Indicating that, despite some uncertainties in the outlook, economic growth in the United States is rising moderately and the labor market remains strong, the FOMC decided to further reduce the federal funds rate.
Based on information it has received since it last met in mid-September, the Federal Open Market Committee decided (in an 8–2 vote) to reduce the target range for the federal funds rate to a 1.50 to 1.75-percent level. Further, noting global developments and "muted inflation pressures," the Committee will "continue to monitor the implications of incoming information for the economic outlook as it assesses the appropriate path of the target range for the federal funds rate," the FOMC stated.
Economic outlook. The FOMC reported that although household spending "has been rising at a strong pace," business fixed investment and exports "have weakened." At the same time, the labor market "remains strong," job gains have been "solid, on average, in recent months," and the unemployment rate has "remained low."
In addition, on a 12-month basis, overall inflation and inflation for items other than food and energy "are running below 2 percent," the Committee said. Meanwhile, market-based measures of inflation compensation "remain low," and survey-based measures of longer-term inflation expectations "are little changed." The FOMC continues to view sustained expansion of economic activity, strong labor market conditions, and inflation near the Committee's symmetric 2-percent objective as the most likely outcomes, "but uncertainties about this outlook remain."
Federal funds rate. In keeping with its statutory mandate, the Committee seeks to foster maximum employment and price stability. In support of these goals, the FOMC, in an 8 to 2 vote, decided to reduce the target range for the federal funds rate (from the prior 1.75- to 2.00-percent level) by 25 basis points to a new 1.50- to 1.75-percent level. Voting against this latest action at the FOMC meeting were Esther L. George and Eric S. Rosengren, who preferred to maintain the previous target range.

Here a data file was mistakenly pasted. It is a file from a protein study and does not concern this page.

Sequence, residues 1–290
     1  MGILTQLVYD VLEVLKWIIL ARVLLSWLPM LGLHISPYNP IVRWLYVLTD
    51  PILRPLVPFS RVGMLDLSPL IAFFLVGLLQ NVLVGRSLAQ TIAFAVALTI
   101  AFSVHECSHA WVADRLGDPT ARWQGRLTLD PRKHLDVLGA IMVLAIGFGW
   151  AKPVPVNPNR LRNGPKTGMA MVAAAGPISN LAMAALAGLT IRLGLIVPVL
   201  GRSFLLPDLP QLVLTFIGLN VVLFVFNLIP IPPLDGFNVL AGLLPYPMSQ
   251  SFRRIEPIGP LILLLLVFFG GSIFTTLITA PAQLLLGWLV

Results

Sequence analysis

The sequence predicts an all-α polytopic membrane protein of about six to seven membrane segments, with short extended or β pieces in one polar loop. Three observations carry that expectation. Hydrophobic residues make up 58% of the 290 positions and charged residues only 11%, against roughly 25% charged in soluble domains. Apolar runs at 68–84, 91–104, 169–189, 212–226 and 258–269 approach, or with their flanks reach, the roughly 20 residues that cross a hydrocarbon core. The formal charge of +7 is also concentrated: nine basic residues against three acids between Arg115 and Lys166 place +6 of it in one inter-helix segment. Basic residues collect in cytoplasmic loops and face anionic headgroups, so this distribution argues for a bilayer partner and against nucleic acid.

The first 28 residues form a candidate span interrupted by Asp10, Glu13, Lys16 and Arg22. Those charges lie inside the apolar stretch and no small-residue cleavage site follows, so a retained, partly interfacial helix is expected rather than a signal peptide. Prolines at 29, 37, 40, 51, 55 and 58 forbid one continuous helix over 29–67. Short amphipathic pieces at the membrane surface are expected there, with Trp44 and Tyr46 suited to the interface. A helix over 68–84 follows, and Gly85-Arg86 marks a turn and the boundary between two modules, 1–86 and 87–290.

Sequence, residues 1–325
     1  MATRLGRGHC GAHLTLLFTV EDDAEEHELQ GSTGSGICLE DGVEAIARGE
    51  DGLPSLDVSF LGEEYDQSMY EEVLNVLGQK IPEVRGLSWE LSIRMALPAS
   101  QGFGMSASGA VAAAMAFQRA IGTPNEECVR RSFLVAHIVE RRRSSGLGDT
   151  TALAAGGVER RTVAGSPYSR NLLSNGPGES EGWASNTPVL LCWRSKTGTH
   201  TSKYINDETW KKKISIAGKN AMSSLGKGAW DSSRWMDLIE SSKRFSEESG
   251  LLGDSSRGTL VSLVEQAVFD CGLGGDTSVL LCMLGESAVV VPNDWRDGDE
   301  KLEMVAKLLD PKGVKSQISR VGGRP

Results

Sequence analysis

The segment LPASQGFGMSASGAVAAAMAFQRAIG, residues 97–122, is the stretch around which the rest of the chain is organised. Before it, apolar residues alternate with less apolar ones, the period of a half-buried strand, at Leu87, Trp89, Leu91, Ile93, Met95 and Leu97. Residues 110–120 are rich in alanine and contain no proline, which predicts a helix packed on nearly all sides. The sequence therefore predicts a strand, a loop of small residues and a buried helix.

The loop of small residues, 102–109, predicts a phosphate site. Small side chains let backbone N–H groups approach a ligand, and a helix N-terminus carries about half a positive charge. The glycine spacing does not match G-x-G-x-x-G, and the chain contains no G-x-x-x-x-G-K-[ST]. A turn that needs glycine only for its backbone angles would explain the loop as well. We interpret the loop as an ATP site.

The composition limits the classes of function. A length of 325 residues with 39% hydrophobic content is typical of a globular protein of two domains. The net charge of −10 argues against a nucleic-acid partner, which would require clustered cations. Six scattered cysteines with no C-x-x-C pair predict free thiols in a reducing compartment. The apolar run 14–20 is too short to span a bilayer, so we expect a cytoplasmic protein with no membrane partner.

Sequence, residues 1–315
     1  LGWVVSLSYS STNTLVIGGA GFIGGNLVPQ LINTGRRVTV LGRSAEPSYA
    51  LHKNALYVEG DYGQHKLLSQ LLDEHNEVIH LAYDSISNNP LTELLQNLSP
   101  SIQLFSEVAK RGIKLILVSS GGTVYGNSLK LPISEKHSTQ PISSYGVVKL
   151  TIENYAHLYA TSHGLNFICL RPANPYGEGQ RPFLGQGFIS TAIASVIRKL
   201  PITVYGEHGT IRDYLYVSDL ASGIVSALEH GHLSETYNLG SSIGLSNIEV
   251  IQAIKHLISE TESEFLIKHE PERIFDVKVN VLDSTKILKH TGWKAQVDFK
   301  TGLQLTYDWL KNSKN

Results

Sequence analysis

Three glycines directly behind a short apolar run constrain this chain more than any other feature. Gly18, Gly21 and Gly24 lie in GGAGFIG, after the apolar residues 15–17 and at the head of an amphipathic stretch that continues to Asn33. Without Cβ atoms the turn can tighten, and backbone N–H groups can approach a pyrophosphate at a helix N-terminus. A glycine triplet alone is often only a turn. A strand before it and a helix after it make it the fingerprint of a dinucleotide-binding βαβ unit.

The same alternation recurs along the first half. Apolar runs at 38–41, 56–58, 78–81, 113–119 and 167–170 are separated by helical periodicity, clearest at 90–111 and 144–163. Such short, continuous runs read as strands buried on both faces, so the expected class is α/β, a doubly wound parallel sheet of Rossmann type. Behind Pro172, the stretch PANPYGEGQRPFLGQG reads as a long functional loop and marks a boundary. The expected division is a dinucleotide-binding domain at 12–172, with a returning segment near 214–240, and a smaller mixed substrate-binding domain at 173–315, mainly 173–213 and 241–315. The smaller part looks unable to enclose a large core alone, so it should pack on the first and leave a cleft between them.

In connection with future determinations of the timing and size of an adjustment to the target range, the Committee "will assess realized and expected economic conditions relative to its maximum employment objective and its symmetric 2 percent inflation objective." According to the FOMC, this assessment "will take into account a wide range of information, including measures of labor market conditions, indicators of inflation pressures and inflation expectations, and readings on financial and international developments."
Primary credit rate. The primary credit "discount" rate is the interest rate charged for short-term credit extensions to depository institutions. As reflected in its Oct. 30, 2019, "Decisions Regarding Monetary Policy Implementation," the Federal Reserve voted unanimously to approve a 0.25 percentage point decrease in the primary credit discount rate to the 2.25-percent level, effective Oct. 31, 2019. In taking this action, the Fed approved requests to establish the new rate submitted by the Boards of Directors of the Federal Reserve Banks of Minneapolis and San Francisco.
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